Does legalizing cannabis really reduce crime rates?
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One of the biggest premises legalize marijuana supporters use to fuel their argument is the promise of lower crime rates. And the argument seems pretty plausible, especially at a glance:
As pot is legalized, drug-related crimes for the sale, possession, cultivation, and consumption of cannabis are obviously expected to drop significantly.
Furthermore, many sources claim that the legalisation of medical marijuana would help neutralize organized crime activity involved in selling the drug illegally. However, is that really the case?
The answer, unfortunately, is far from clear.
DOES LEGALIZING WEED HELP REDUCE CRIME RATES?
There’s a strong body of evidence that suggests the legalisation of cannabis reduces crime.
One strong piece of evidence came from a research article published by researchers from the University of Texas, which examined the effect of legalized medical marijuana on crime rates.
The study, conducted by UT associate professor of criminology Robert Morris and colleagues, looked at crime rates from all 50 states in the US between 1990 to 2006, by which point 11 states had already legalized medical weed.
The researchers focused primarily on the relationship between legalization and rates of crimes like homicide, rape, robbery, aggravated assault, burglary, theft of personal property and cars.
The researchers used data from a number of sources, including FBI Uniform Crime Reports and the census (among others), and made sure to control for factors like poverty levels, employment and education statistics, and even beer sales per capita.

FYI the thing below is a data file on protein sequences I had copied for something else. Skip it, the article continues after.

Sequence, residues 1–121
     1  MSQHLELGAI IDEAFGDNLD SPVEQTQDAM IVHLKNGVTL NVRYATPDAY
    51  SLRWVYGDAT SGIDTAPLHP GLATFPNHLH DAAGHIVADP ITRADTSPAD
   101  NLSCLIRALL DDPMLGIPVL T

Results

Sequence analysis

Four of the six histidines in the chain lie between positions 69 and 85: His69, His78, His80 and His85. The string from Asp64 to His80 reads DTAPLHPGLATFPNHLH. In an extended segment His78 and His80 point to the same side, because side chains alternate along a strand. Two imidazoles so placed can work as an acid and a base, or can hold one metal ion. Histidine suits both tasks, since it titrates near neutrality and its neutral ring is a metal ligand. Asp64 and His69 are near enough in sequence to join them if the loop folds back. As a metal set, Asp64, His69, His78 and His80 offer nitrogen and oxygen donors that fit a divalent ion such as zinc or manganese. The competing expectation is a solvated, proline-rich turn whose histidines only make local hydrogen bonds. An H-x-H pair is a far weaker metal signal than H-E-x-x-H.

The results suggested that legalizing cannabis didn’t cause an increase in any of the above crimes. In fact, they also partially suggested that legalization could help decrease rates for certain kinds of violent crimes like assault and homicide.
Another argument favored by supporters of the legalization movements is this; legalizing cannabis will help reduce organised crime levels related to cultivating, processing, and selling the drug illegally.
Once again, the argument seems very logical; curb the demand for illegal cannabis in the US by legalizing the drug and you essentially leave organized crime units (like Mexican cartels) out of business.
And, recent evidence suggests that may actually be the case.
A research article published in The Economic Journal in June 2017 specifically examined the effect legal cannabis had on Mexican drug trafficking.
The researchers behind this study relied on statistics from the FBI’s Uniform Crime Reporting Program and focused specifically on analysing crimes in states bordering Mexico.
The study focused on violent crime rates in these states, like homicide, assault, and robbery. The results showed that changing cannabis laws in the US were linked to a 12% decrease in these kinds of crimes.
Moreover, by analyzing data from the FBI's Supplementary Homicide Reports, the researchers concluded that drop in homicides in these areas was largely due to a decrease in drug-related killings.
The researchers also noted that these effects were most pronounced in areas closest to the Mexican border, and that legalization in inland states may “spillover” and subsequently cause a reduction in crime in the closest border state.
Another recent research paper (published in the Journal Of Urban Economics in July 2017) suggested that closing legal marijuana dispensaries led to an increase in crime in the immediate area where the dispensary operated.